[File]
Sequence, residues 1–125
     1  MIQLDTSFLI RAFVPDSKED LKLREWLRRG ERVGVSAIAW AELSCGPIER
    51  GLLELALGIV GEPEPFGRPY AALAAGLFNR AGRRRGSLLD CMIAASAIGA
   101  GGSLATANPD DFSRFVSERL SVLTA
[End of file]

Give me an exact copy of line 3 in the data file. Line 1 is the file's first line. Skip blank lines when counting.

    51  GLLELALGIV GEPEPFGRPY AALAAGLFNR AGRRRGSLLD CMIAASAIGA